Previously we’ve written about Horizontal vs Vertical Scaling. Today, we’ll delve into on-premises vs cloud scaling and what it means for your business.
Many businesses have adopted cloud solutions for their systems. Online services demands can fluctuate in uncontrollable ways. The inability to meet the demands might be the reason for customers to choose a competitor over you. The question is: “how this issue can be mitigated in a cost-effective way?” – There are two options: On-premises; and cloud scaling solutions! Let’s compare…
What is Scalability?
Simply put, it’s the ability to “scale” our resources in a way that meets the business and customers’ demands. It can either be Horizontal or Vertical, depending on what kind of resources need to be “scaled”. Be sure to read our latest article…
On-Premises Scaling Vs. Cloud Scaling: What’s the biggest difference?
As we’ve wrote before, on-premises scaling can be either on the software side or on the hardware side. It all depends on the resources needed, and the needs of your IT admins.
With a cloud scaling option, your cloud service provider handles all your needs. Not only that, but some providers even include automatic scaling in their services, so that you don’t have to worry about it at all. Resources can be increased and decreased either at your request or automatically. This end up helping you to minimize costs by not having to invest in added resources that might end up not being used at their full potential.
With this, you can take advantage of the resources already made available by the providers in a more controlled way.
On-Premises Scaling Vs. Cloud Scaling: What’s the investment associated?
A lot of the times, it might prove difficult to determine the cloud scaling costs, but most cloud service providers will be able to help you better understand all costs involved and if auto-scaling is the best option for you.
Horizontal and vertical cloud scaling: Which one to choose?
Just like in on-premises scaling, there are many similarities between horizontal and vertical scaling, but there are also key differences between both, with each one having its advantages and disadvantages. So, how do you choose? You must consider the type of service you provide, its technical requirements and goals, and understand the value added by scaling either way.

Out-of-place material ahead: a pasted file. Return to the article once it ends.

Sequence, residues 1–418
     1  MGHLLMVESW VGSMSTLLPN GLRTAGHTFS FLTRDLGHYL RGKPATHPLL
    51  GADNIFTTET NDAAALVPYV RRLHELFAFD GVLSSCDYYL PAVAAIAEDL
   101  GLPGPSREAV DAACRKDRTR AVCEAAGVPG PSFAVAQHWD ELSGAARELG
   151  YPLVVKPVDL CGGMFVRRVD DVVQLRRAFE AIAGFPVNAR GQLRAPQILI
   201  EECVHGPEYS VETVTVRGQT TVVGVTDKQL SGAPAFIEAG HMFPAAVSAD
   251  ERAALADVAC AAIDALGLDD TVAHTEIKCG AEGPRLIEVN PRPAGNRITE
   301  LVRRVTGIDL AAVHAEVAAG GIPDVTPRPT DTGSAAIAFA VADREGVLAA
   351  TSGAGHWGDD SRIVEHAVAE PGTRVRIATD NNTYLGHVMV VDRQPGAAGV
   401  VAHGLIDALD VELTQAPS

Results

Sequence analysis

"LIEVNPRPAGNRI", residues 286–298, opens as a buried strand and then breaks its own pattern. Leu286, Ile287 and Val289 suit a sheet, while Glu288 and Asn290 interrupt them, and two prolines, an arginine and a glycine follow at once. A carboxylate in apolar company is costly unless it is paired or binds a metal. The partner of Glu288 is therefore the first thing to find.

Here are some key differences between horizontal and vertical cloud scaling:
Horizontal Scaling – Horizontal scaling uses the power of multiple physical machines. This allocates processing and storage tasks across physical machines connected by a single network.
Vertical Scaling – Vertical scaling leverages concurrent programming on a single physical machine. This machine may have multiple cores. The data processing and storage capacity of the machine can be optimized through hardware upgrades.
Horizontal Scaling – Horizontal scaling transmits data between machines using network communication, also known as ‘calls’. These calls can be slow and are likely to fail, especially in un-optimized scaling environments. Data processing in non-optimal horizontal scaling environments often translates to different machines processing different requests. This can lead to outdated data being transmitted.
Vertical Scaling – Vertical scaling operates on the principle of inter-process communication. This scalability method is much faster and more straightforward. As scaling up involves a single machine for processing all requests, the issue of ‘data inconsistency’ does not exist.
Horizontal Scaling – Downtime is rare in an environment sustained by horizontal scaling. This is because multiple machines exist to process requests at the same time. In case some machines stop functioning, others will take up their workload.
Vertical Scaling – An environment that relies on vertical scaling is more susceptible to downtime. This is because all workloads are processed on a single machine. No matter how robust the capacity of this machine, any problems in its operations might introduce the risk of downtime.
Welcome to Hive! A platform that allows horizontal scaling for Alfresco systems
It’s a known fact that managing multiple smaller environments is more performant than having one large environment. Forget about those sleepless nights trying to rebuild your statistics or defragment your indexes. By replacing one big repository with several smaller ones, the HIVE can make Large Environments more responsive while spending less money. The HIVE allows the handling of zillions of documents, reducing some known problems on large Alfresco deployments.
And the best?! All processes happen in the backend. So, the user will always view it as a Single Big Repository. Compatible with all existing Alfresco clients including Share, ACA, ADW and REST API. The Hive head is the single point of entry so it can be seen as any standalone Alfresco server.
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